Get to the Point

The Prosody Pitfall

Get to the Point! You’ve finished the memorandum in support of your motion, and it’s beautiful, lyrical even. But wait, has prosody led you astray?

Theda C. Snyder - June 23, 2020
Terms for Not Working and Not Earning Money

Get to the Point! A lot of people are involuntarily out of work now, and a lot of terms are being thrown around to describe their status. Sometimes the terminology can affect access to unemployment benefits.

Theda C. Snyder - May 21, 2020
Parallel Persuasion

Get to the Point! Parallelism, says Teddy Snyder, makes your writing more readable and memorable.

Theda C. Snyder - May 5, 2020
Attorney or Lawyer — Which Am I?

Usually, we use the terms “attorney” and “lawyer” interchangeably, and there’s nothing wrong with that. But is there really a difference between the words?

Theda C. Snyder - March 2, 2020
With, Not Who, for Things; Who, Not That, for People

The general grammar rule is to use “who” to refer to people and “which” to refer back to inanimate objects. The possessive form of “who” is “whose” but there is no possessive form for “which.” The result is that writers must choose between a ...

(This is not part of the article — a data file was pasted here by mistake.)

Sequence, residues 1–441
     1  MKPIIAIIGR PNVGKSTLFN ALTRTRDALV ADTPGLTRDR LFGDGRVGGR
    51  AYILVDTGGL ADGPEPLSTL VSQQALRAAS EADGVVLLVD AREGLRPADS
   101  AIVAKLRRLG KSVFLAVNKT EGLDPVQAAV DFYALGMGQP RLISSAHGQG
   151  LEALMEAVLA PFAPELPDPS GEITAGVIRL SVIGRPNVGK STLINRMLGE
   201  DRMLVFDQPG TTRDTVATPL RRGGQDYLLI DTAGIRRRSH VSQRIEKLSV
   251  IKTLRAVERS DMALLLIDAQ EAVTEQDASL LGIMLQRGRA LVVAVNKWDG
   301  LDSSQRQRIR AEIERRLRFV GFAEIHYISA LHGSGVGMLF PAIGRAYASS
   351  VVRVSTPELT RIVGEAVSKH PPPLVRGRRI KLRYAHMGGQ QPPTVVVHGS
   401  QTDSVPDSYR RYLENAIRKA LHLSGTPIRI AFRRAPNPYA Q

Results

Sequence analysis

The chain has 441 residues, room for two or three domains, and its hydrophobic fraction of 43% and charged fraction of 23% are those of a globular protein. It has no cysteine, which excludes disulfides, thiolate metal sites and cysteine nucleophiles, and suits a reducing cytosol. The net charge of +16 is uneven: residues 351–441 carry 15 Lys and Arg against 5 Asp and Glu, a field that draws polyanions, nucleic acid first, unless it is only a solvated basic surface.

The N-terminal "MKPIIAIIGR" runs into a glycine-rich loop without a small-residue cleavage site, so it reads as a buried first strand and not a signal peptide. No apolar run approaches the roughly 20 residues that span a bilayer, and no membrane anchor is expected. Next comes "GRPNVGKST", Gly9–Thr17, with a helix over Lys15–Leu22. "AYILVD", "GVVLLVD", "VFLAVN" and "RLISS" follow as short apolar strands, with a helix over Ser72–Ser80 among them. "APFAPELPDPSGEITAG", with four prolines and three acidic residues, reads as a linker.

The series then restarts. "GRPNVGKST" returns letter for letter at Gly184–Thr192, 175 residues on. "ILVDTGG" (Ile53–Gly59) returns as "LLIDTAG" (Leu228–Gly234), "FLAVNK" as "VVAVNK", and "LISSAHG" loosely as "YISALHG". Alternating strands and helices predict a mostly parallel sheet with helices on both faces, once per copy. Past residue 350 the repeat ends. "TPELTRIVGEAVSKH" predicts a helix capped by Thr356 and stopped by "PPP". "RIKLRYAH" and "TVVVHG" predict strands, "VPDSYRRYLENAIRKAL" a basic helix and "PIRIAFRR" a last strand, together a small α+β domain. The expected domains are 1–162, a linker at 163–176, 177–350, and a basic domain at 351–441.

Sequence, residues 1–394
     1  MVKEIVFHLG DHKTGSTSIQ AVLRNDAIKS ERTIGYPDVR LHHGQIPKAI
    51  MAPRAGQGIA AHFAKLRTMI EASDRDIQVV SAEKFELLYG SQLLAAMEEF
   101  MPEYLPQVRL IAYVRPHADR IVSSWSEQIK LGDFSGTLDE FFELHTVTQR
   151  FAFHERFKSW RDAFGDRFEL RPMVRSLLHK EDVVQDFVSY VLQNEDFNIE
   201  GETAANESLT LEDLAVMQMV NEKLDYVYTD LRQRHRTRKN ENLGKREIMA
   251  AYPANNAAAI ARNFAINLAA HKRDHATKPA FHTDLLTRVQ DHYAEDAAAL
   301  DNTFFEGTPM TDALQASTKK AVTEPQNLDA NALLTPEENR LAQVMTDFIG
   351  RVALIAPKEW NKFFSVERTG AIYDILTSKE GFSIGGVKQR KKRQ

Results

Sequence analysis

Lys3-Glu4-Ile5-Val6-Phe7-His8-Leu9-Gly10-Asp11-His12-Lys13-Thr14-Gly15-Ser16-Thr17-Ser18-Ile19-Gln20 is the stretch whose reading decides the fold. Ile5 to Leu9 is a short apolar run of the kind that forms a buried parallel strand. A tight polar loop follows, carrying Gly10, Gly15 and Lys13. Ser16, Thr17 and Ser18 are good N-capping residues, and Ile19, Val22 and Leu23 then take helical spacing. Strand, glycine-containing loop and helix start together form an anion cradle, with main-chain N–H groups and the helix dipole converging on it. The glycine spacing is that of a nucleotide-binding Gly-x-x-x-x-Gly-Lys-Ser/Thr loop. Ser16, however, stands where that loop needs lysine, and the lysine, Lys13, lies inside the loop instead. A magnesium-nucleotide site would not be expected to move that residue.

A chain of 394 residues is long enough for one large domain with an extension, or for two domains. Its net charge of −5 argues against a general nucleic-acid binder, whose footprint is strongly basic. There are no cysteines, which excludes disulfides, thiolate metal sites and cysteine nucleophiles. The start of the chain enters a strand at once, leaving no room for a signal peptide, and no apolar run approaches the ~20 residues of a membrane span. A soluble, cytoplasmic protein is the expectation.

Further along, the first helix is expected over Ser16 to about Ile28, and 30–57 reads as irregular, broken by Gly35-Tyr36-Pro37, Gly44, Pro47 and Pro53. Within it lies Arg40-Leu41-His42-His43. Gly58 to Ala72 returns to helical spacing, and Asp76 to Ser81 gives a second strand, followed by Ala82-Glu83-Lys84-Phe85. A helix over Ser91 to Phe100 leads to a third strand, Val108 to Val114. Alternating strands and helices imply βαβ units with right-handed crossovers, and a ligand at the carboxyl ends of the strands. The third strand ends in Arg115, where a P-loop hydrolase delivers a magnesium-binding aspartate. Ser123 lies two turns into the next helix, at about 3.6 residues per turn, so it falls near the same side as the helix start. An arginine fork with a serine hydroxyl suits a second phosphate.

Theda C. Snyder - February 12, 2020
Your Livelihood Depends on Persuasive Writing

For more persuasive writing, make sure every word counts and sentence construction is terse. Here are some suggestions.

Theda C. Snyder - January 14, 2020
Classically Clueless

As with cliches, Greek and Roman myths can refer to commonly understood paradigms. Or at least they do when speakers and writers know what they are saying.

Theda C. Snyder - November 12, 2019
OK, So You’ve Got a Thesaurus

You want to come across as erudite, not clueless.

Theda C. Snyder - October 2, 2019
You Wouldn’t Put up With “Yeah, No” From a Witness — Why Do You Say It?

Yeah, no, I get it. These speech mannerisms have a way of creeping into our vernacular, but, for lawyers, this one may be the worst.

Theda C. Snyder - August 7, 2019
Case Resolution Vocabulary

Be sure you use the correct ADR terms with clients, judges and opponents to avoid misunderstandings.

Theda C. Snyder - July 10, 2019
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